Today Renee and I went to the little Karoo near McGregor in search of a Protea Canary. We did not find one, but in our efforts we found a wonderful road up to the communications tower on Galgberg. The road climbs from McGregor at an altitude of 240 mamsl through farmland and eventually onto a tarred service road to the tower. It is a narrow and steep road that winds up to a final height of 1400 mamsl! The views are spectacular and the vegetation is beautiful fynbos. We saw a couple of klipspringers and very few birds, but it was well worth the drive. Luckily we did not meet any other traffic on the road.
We had lunch, an excellent meal, at the lovely Cafe Temenos, complete with peacocks and a small art gallery, on the main road in McGregor.
Yesterday we went to McGregor and the Vrolijkheid Nature Reserve in order to try to supplement our Karoo birding list. We had wonderful clear warm weather with no wind whatsoever, but nevertheless, the birds we wanted to see eluded us. Sadly, the dams are still empty and the area is in desperate need of rain. Our afternoon was punctuated by a few isolated drops and there was some thundery activity around, but it remained dry and dusty!
Interestingly, we saw an enigmatic black, white and grey bird with a clear breastband. It was obviously a wagtail, but the lack of any brown colouration suggested that it had to be a Mountain Wagtail. This meant a bird very far out of its area and also out of its habitat, so we were reluctant to name it, but there really was no other choice. I did not get a photograph!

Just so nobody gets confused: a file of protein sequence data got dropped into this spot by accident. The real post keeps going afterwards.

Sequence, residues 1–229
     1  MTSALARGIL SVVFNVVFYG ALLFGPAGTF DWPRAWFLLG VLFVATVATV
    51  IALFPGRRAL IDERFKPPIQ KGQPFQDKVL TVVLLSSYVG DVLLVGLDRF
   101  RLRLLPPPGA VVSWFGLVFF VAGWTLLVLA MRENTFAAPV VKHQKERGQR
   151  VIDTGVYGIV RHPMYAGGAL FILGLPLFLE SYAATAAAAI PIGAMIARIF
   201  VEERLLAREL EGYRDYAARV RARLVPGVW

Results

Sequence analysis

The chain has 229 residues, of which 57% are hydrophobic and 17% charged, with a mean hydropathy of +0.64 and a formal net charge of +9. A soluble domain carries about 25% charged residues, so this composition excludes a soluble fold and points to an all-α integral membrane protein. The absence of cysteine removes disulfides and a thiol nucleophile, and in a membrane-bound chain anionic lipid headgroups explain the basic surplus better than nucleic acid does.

We managed to add three birds to our challenge list, but have yet to see any Eremomelas or Penduline Tits. A journey up the mountain into good protea growth also failed to produce a much-needed Protea Seedeater.
Birdlife South Africa (BLSA) certainly pulled off a major coup with the 2017 Flock at Sea. Around 1950 lucky birders took part in what must have been the most spectacular birding event ever held in the Southern African region. We had four nights at sea and three full days of birding, ending this morning when we returned to Cape Town and docked at 7:00 am.
Our vessel was the MSC ‘Sinfonia’ and, because there were sufficient birders on board, BLSA had control over where we went. This enabled us to seek out ocean eddies and up-welling currents (not that we always found them) and, thereby, find good concentrations of foraging seabirds. For me it was really exciting as I managed to see a total of 25 seabirds, 12 of which were lifers! The bird of the cruise was undoubtedly the Light-mantled Albatross, previously only seen by 2 birders in the region! This trip enabled hundreds to see it and my only regret is that I did not get a photo of this very rare bird.